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Dry Bulk Market: Capesize Segment Could Face More Downward Pressure

The dry bulk market is perilously close to ending the year in the same dire manner with which it began it. In its latest weekly report, Allied Shipbroking commented that “on Friday, the average of the year so far for the BDI closed at 1,346bp, almost perfectly attuned with what was noted during the whole of last year. Given also that the Capesize market has been showing a strong resistance to any downward so far, we may well see a modest yearly growth accumulate for the year (however, not as promising as the one that many aspired for one year back). Whether this growth will be enough to cover the total risk (as part of a risk-reward analysis) being faced right now through the excessive volatility the market has gone through remains to be seen. Regardless of the technical analysis one uses, the major step back that has been noted in respect to the market stability and sentiment will most likely follow the dry bulk sector in the year ahead (at least). All the above have already been analyzed thoroughly in previous views, so, any further argument would be superfluous”.

According to Mr. Thomas Chasapis, Research Analyst with Allied, “the truth is that the market lacks direction at this specific point, with the exception maybe being the catch -up rally that was until recently the main “trend” being seen. How do we quantify the market’s confidence at this stage? Sometimes, the figures presented can create a deceptive view at any given point in time, especially when, other statistical indicators seem to be disconnected. Using the core Baltic indices for the different size segments, it is clearer that most of the dry bulk sector is in a much heftier downward spiral than what one would assume at first sight”.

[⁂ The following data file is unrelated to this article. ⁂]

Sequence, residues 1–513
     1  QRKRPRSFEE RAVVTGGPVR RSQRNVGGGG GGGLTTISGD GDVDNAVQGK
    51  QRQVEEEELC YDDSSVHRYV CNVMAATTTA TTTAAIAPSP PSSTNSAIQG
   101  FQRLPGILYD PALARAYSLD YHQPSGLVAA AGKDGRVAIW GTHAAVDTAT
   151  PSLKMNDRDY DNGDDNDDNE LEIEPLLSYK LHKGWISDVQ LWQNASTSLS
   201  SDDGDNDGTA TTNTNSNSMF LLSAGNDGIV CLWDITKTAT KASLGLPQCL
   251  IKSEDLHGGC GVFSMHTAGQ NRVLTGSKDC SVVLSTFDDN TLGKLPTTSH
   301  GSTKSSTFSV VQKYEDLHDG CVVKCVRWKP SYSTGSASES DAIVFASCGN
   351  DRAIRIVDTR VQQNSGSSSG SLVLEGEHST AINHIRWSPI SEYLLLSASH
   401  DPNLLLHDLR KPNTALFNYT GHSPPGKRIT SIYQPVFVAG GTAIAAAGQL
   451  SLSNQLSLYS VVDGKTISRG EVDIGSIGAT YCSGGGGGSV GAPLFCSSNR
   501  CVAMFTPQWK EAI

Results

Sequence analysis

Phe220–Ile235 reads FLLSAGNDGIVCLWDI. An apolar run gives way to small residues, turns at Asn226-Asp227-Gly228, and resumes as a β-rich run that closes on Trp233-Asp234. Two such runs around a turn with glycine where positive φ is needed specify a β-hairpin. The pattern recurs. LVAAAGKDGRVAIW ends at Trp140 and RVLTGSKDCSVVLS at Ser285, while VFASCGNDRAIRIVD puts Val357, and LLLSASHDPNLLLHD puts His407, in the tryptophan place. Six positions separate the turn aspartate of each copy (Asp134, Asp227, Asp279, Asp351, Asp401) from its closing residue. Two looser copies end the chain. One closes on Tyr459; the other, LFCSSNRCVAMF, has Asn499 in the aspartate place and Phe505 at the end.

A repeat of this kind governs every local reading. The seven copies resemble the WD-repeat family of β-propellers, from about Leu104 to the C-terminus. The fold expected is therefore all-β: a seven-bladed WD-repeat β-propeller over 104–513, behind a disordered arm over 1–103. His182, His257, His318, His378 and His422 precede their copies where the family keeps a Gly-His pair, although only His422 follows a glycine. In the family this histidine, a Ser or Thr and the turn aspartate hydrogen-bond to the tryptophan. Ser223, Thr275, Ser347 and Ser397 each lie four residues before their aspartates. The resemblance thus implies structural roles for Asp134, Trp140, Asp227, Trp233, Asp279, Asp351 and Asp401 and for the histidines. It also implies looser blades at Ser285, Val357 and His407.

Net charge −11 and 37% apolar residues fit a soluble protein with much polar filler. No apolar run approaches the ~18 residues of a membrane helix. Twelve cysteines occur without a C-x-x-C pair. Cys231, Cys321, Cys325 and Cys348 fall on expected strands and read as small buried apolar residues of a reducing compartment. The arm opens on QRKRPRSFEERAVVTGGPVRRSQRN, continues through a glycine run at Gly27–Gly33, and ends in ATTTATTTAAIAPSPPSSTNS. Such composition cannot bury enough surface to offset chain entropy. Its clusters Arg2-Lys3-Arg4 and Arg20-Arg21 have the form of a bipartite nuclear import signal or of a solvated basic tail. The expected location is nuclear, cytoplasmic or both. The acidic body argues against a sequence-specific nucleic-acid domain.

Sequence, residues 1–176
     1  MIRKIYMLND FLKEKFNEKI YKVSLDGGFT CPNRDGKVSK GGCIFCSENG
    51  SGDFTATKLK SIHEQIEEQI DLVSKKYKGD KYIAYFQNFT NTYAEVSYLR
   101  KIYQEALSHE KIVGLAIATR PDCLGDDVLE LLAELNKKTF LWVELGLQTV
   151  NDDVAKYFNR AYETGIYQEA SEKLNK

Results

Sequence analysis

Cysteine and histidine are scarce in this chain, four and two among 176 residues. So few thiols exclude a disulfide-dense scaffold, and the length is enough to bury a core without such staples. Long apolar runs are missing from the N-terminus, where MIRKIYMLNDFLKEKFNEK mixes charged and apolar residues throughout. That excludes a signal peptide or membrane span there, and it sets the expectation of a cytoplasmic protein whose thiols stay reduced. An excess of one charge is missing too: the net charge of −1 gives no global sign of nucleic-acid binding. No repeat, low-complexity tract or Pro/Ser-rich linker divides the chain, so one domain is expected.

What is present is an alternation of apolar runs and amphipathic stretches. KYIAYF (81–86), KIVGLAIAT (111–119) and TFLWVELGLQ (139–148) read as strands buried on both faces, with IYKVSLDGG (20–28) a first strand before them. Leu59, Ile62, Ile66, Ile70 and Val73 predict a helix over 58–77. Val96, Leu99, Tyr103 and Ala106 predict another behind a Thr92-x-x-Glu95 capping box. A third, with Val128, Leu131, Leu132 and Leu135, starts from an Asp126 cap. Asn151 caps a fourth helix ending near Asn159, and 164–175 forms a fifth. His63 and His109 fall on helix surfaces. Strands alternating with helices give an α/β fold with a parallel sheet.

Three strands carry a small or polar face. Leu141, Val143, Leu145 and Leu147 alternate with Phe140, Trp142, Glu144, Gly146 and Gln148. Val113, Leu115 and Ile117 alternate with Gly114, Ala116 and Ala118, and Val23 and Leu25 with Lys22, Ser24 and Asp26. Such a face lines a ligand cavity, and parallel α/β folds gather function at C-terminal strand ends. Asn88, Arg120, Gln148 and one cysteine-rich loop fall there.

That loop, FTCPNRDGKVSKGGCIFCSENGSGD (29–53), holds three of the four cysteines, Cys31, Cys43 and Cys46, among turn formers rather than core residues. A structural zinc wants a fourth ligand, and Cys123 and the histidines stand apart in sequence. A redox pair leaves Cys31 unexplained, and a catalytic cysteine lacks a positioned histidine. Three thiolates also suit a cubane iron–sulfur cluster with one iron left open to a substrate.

Chasapis added that “for the time being however, it seems as though the Capesize market has many problems “swept under the carpet”. This is all while we are seeing a very different picture presented when looking at the rest of the dry bulk size segments. It is fair to point out that since the start of the final quarter the Capesize time charter average has dropped by a mere 13.8%, while during the same time frame we have seen the Panamax, Supramax and Handysize drop by and astounding 35.8%, 40.3% and 25.4% respectively. Someone can argue that this may be due to the time-lag in trends between that of the Capesize market and the rest of the different sub-markets (a relation that has been well noted in the past), or due to just different seasonal dynamics. No matter what the case however, this level of disconnection seems to be peculiar to say the least”.

Allied’s analyst also noted that “the true answer varies depending on how someone interprets things. A prevailing thought is that we have an amassed appetite (demand) that is holding Capesize rates “exceptionally” high, which simultaneously means that when this fades out, we will see the market easing back rapidly. All this could be due to current price levels for iron ore holding at prime levels to create an opportunistic buying spree, that should eventually subside. Or, we could be at the beginning of a de-correlation between different asset classes, following relatively different demand-supply trajectories. All-in-all, are we in a resisting or a softening market? Maybe a little bit of both. I would stick to the last argument of the previous paragraph. Maybe, less correlation is a good thing at this point. In a market that is currently struggling to find a stable pace, filled with asymmetry in returns even in a tight time horizon, liquidity and solvency risks can be many. In other words, less positive correlation can actually mean that owners can undertake a more efficient diversification, that can smooth out potential cash flow imbalances (to some degree at least). Don’t forget that in the current environment, excess returns can be subject more so to non-shipping dynamics which by their nature are hard to foresee in advance”, Chasapis concluded.
Nikos Roussanoglou, Hellenic Shipping News Worldwide

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